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Shell and other offshore players to move a growing number of jobs historically performed at sea onto land.
Shell Oil Company has touted the project, expected to produce more than 100,000 barrels of oil a day at its peak, as one of its most important startups this year.
BP said Monday it began pumping crude from a new well at one of its four major deep-water hubs in the Gulf of Mexico last week, the second major startup in U.S. offshore region this year.
Royal Dutch Shell said Tuesday it had started production from its Olympus platform, the first of several new platforms expected to push oil production in the Gulf of Mexico to a record level by 2016.
Shell’s massive Olympus production platform has reached its destination in the deep-water Gulf of Mexico, ending an 18,000-mile journey that began last year in South Korea.
The first wave of oil platforms since business went on hold in the Gulf of Mexico following the BP oil spill in 2010 are under construction on its shores as technological breakthroughs allow geologists and engineers to find and reach large oil reserves in previously mysterious regions deep under water and deeper under rock.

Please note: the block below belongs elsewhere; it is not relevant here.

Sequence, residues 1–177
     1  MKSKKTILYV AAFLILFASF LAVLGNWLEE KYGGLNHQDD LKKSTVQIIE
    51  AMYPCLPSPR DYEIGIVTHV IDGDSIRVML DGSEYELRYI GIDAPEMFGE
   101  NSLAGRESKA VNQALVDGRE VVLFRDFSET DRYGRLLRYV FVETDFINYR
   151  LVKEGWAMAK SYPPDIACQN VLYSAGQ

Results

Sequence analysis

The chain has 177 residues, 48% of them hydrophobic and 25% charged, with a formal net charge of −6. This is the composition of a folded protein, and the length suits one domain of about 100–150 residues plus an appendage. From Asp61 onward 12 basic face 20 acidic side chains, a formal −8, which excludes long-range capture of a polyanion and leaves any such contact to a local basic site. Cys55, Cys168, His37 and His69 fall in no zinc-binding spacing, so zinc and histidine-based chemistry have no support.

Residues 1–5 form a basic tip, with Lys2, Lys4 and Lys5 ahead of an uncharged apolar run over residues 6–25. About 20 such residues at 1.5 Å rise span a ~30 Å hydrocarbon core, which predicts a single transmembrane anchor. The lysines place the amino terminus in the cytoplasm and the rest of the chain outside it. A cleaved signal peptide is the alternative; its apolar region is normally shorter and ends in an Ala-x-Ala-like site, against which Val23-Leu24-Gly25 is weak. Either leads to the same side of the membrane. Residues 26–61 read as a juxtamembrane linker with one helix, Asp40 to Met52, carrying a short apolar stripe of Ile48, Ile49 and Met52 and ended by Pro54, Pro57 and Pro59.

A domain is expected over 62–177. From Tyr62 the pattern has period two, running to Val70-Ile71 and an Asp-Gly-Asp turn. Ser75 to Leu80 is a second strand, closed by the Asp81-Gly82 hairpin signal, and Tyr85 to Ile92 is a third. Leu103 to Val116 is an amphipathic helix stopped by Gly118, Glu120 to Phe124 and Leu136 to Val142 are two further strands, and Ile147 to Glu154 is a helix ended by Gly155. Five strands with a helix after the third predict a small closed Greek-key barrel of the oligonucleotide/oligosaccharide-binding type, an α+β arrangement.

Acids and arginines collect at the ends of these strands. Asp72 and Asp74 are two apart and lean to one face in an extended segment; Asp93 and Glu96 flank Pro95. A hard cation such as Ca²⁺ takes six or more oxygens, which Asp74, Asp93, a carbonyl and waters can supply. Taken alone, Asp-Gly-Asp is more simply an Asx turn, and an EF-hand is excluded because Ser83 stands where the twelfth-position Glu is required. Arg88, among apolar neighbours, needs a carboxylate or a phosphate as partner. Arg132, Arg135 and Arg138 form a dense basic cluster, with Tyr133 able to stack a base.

Royal Dutch Shell is showing off its new Olympus platform, docked near Corpus Christi for final preparations before it sails for the Mars B project in the Gulf.
The 10 million-pound drilling rig for Shell’s Olympus oil platform will begin a four-day voyage along the Texas coast on Thursday to be joined with its massive hull. See photos of the record-setting platform’s construction and journey across the ocean.
The hull of Royal Dutch Shell’s Olympus offshore platform traveled 18,000 miles from South Korea. It arrived Saturday at a Texas port where it will be assembled before it sails to its final location in the Gulf of Mexico.
Shell Oil Co. President Marvin Odum, shown here at the Shell Houston Open, talks to us about the oil major’s outlook in the Gulf of Mexico and the costs of the drilling moratorium. (Photo: Johnny Hanson/Houston Chronicle)